Notice: Due to a computer conversion, the cashier's office
will be unable to accept summer school payments today, or
from April 17th through the 19th. The university apologizes
for any inconvenience you may encounter.
Man, I am SO relieved I forgot to reserve a room for next
year. I called University Housing Services to explain my
situation and those kind folks told me I could have a
SECOND CHANCE! All 1 have to do is drop hy 214 Whichard
Building on Monday, April 17 or Tuesday, April 18 between
8:30 AM and 4:30 PM. They will have the paperwork I need to
fill in all I have to do is bring $100. Wow I am so lucky. I
can live on campus and not be stuck with the hassles of living
In an apartment. If you forgot to reserve a room for next
year, you can do the same tiling! If you don't believe that they
will give you a second chance, just call them at 328-6450.
University Housing And Campus Dining Services
Thursday, April 13, 1995
The East Carolinian
WALHALLA, S.C. (API - The
small airplane that crashed last
weekend into Lake Keowee in
Oconee County will finally he pulled
out of the water this weekend.
Divers are scheduled to remove
the plane Saturday. Sergeant Jerry
Moss of the Oconee Sheriff's Depart-
ment said. The wreckage is sub-
merged in 40 feet of water.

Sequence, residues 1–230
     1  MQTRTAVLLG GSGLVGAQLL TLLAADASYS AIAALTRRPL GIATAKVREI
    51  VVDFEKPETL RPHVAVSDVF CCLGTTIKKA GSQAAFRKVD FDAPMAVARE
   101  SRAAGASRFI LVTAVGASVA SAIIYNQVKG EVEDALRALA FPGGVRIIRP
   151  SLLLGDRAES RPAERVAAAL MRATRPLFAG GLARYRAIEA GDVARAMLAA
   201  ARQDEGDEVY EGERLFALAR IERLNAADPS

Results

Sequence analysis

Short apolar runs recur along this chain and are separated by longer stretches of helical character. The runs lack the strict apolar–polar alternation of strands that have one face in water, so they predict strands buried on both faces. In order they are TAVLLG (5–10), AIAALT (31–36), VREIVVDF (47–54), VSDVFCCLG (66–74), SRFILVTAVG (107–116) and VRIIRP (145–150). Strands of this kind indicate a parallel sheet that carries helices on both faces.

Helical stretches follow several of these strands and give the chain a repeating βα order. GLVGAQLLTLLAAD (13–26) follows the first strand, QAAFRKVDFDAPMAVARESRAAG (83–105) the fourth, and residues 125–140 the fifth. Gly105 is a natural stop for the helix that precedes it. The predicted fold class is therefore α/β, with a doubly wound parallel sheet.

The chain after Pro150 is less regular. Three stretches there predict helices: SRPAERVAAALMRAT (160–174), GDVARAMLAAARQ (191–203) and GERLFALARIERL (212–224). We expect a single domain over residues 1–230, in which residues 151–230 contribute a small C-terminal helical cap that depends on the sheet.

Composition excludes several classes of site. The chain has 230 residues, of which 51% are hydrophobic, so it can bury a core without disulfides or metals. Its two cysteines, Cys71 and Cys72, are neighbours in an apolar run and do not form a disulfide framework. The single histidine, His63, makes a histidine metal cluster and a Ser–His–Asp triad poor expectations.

Pilot James Cargile of Asheville.
N.C said he was blinded by sunlight
�?�; -rP0 'iff- ,�&�
after making a sharp turn. The plane
hit a power line and went into the
lake nose tirst. he said.
Cargile was injured, while his
wife Lisa, the plane's only passen-
ger, drowned after her feet appar-
ently became caught in safety belt
Moss said National Transport a
tion Safety Board officials want to
he present when the wreckage is re-
moved from the lake.
- iis. o
ECU for study
IF NOT N0WWHEN?
SORORITY RUSH SEPT. 7-12
P IN 204 WHICHARD
��� j'�'�� � K-sfc-ca.
Andi Powell Phillips
ECU'S Maritime History and
Nautical Archaeology program has
its first visiting Kulbright scholar.
Luiz Cunha, a native of Brazil and
that country's only underwater ar-
chaeologist, has come to ECU for
exposure to the I'nited State's more
developed underwater archaeology
"This field is very new in Bra-
zil, even in the world Cunha said.
"Not many people are involved yet.
But the United States and France
are very developed
The field of underwater archae-
ology may be relatively new to Bra-
zil, but Cunha has been involved